Image for article: Son of Sin

Omar Sakr
Son of Sin

Image for article: Diagnosis Normal: Living With Abuse, Undiagnosed Autism, and Covid-Grade Crazy

Emma A. Jane
Diagnosis Normal: Living With Abuse, Undiagnosed Autism, and Covid-Grade Crazy

Image for article: The Sorrow Stone

Kári Gíslason
The Sorrow Stone


Image for article: Green pie


Green pie

Image for article: Classes for conscious carnivores


Classes for conscious carnivores

At butchery class, ‘conscious carnivores’ learn to break down a pig to better understand the ethics of eating meat.

Image for article: The future of Indigenous fashion


The future of Indigenous fashion

Entrepreneur and mentor Rhys Ripper is curating the First Nations runway show at Melbourne Fashion Festival and is determined to make Indigenous fashion mainstream.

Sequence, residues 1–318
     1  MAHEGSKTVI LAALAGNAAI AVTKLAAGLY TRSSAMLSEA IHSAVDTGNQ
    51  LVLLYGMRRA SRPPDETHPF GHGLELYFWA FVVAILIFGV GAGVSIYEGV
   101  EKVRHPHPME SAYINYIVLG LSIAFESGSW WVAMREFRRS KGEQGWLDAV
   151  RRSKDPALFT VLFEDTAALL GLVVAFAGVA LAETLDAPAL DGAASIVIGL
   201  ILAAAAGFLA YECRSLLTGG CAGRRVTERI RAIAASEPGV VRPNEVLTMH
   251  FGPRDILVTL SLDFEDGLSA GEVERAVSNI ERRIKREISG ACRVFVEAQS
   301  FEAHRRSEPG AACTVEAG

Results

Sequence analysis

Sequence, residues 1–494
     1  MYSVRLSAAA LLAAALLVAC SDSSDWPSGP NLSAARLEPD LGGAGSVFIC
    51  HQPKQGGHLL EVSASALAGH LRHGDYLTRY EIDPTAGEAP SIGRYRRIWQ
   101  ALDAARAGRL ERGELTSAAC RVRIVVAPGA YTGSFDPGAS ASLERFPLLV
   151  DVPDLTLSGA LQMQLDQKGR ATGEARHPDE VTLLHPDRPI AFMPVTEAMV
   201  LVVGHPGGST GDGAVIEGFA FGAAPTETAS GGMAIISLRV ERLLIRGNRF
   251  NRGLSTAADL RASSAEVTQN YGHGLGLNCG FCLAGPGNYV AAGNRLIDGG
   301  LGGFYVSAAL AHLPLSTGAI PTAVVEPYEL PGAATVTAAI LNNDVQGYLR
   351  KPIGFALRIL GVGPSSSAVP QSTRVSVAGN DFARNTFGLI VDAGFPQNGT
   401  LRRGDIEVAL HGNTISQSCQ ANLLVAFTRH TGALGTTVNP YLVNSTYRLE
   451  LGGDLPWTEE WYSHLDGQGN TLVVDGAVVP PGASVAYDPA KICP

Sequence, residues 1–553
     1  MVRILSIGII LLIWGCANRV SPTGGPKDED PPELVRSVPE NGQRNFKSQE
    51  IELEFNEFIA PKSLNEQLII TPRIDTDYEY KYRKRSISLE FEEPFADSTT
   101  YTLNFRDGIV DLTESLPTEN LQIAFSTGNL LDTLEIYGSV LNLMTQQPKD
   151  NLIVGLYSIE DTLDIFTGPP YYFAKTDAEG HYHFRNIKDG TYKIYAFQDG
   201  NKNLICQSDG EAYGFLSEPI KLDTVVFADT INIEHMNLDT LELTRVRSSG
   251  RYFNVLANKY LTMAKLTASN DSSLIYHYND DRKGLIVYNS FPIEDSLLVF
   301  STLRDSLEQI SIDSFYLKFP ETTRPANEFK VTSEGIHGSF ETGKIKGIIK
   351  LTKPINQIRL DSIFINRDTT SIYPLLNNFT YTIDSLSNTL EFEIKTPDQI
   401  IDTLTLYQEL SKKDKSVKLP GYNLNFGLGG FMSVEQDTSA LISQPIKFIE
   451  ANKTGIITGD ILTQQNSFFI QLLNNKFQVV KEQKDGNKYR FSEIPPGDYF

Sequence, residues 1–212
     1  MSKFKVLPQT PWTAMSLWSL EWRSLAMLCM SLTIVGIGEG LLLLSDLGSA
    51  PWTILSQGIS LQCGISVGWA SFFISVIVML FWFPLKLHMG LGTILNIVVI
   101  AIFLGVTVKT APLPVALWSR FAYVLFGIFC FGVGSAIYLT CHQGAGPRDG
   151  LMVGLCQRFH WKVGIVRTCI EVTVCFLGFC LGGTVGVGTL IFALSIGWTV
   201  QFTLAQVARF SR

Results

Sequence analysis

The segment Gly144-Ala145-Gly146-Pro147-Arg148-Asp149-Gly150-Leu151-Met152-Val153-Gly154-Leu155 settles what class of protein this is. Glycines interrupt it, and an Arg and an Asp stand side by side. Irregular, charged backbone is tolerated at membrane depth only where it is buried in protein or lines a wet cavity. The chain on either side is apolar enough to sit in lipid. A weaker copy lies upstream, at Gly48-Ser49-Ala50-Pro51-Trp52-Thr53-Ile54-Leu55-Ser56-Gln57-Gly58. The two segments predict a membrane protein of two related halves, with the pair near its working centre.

The dark history of Russian sport

If powerful nations are allowed to get away with blatant cheating and corruption in the sporting arena, it’s no wonder their bullying tactics are at full force in international politics.

Image for article: The dark history of Russian sport




“We are raising money from all across the country to support residents and business owners in Pine Rivers whose lives and livelihoods have been affected.”

Peter DuttonThe Defence minister announces a floods support program. Unfortunately it’s a GoFundMe page and not the little-known “tax system” for which his government is responsible.


“Winged penis kicking an individual off a ... cliff.”

Person 4The former SAS soldier describes a drawing on a whiteboard, which he believes referenced the incident in which Ben Roberts-Smith allegedly kicked a handcuffed prisoner off a cliff. The trial continues.